Information on orphan enzymes in E.coli has been extracted from three sources, which were initially merged into a single comprehensive list. Data was taken from a list published by Riley and Serres (18), a list from the EcoCyc database (11) and a list used to construct an in silico metabolic genotype by Edwards and Palsson (19). This list had 100 different enzyme/protein names that could be considered to be orphan enzymes, and 36 of these were immediately removed as they had actually been linked to genes. To assess the remaining 64 activities, a marking scheme was created (out of 100) that was used to estimate how strong the evidence was to support each orphan enzyme. Details of the scheme can be found in the database, but consider factors like whether the activity had been purified with a known molecular weight and whether the locus linked to the activity had been mapped to a region on the genome. A score was given to 57 of the activities, varying between 3 and 83. Since creating the list in July 2003, 4 orphan enzymes have been mapped to their genes and 3 of these are in the top 7 scoring orphan enzymes in our list, strongly supporting our scoring system. The fourth activity that has been mapped was surprisingly rank order 29, mainly due to the only evidence coming from mapping the locus to a small region on the genome.

Given the likelihood that some of these activities are side reactions of known enzymes and that some probably are not present in MG1655, we estimate that there are around 25 genuine orphan enzymes to be mapped to genes in E.coli K-12 MG1655. The list is continuously updated and newly mapped orphan enzymes are highlighted within the list and a link to the appropriate gene is created (Figure (Figure22).

Figure 2
Screenshot of the EchoORPHAN page from the database. The initial page displays the ‘Enzyme rating’, its current status and the EC code linking to BRENDA (14). This ranked list is superimposed with the detail page for the orphan enzyme ...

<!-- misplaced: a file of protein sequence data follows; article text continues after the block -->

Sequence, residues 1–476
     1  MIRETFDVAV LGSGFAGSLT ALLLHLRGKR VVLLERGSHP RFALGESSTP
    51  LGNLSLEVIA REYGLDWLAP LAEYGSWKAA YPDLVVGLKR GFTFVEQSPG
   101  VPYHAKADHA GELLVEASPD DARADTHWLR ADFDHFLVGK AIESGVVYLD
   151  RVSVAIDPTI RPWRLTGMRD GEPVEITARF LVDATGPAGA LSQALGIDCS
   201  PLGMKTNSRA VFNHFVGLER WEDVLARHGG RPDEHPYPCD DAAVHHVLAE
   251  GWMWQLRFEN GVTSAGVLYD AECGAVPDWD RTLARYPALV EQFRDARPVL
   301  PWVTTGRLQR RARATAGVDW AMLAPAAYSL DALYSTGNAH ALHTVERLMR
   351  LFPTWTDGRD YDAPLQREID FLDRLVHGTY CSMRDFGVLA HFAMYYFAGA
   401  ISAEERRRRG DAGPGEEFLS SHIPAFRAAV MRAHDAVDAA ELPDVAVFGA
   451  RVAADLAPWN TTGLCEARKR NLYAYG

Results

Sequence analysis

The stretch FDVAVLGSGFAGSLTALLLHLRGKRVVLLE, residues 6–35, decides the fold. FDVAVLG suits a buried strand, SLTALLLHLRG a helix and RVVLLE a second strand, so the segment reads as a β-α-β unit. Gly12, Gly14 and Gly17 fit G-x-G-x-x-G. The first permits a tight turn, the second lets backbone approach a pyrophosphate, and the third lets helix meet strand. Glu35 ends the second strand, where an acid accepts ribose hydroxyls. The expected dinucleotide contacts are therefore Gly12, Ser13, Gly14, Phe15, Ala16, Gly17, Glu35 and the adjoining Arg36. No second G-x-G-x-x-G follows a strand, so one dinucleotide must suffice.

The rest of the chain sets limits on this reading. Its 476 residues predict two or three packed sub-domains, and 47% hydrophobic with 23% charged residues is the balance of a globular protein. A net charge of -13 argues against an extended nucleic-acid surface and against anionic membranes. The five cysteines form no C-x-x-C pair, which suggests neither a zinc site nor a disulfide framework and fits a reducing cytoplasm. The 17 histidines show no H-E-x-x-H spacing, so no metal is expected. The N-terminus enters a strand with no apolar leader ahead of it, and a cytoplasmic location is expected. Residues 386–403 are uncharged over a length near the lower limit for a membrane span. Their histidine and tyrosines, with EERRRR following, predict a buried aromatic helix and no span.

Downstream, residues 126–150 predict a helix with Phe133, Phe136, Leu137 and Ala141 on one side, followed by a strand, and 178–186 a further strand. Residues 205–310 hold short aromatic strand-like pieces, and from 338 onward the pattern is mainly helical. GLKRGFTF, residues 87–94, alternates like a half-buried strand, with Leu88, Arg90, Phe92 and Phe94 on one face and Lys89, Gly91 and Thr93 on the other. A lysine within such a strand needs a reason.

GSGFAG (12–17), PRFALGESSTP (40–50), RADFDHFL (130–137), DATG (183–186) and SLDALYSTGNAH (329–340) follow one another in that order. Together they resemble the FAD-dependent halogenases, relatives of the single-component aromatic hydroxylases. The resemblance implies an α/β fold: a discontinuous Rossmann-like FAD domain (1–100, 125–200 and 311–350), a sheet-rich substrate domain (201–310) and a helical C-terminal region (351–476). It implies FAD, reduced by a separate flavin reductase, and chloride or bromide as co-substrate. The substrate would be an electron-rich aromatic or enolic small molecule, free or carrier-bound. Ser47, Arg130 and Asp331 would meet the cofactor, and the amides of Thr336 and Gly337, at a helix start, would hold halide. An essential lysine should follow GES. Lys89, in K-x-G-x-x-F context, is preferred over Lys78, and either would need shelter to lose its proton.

One feature we consider important is data tracking within the database so that all changes can be traced. Therefore most pages in the database contain an ‘Annotation history’ field. EchoBASE will be one of the first databases to have implemented the new sequence and annotation of the E.coli genome (version m56), a significant sequence and annotation change released in 2004. All the sequence changes that alter coding regions, which number over 150, can be found associated with each gene and also have been described in the ‘Annotation’ page of the database that keeps a record of all changes to genes. Sequence changes result in addition and removal of Blattner numbers as genes are split and fused, changes in lengths of coding sequences as gene starts and stops are changed, and amino acid changes that have occurred as a result of base substitutions within protein-encoding genes.

EchoBASE also has a series of help pages to guide the user around the database and can provide data sets for other users that relate our unique identifier (the EB number) to those of the other resources we link out to from the gene page (Figure (Figure1).1). Currently, we encourage researchers to send us details of their discoveries that we curate, but eventually we would like to move to a more community-based annotation.


We would like to acknowledge CNAP and the University of York for technical support and hosting EchoBASE, and Louise Fairweather for collecting information for EchoLOCATION during her MRes project. We thank GlaxoSmithKline and the BBSRC for financial support.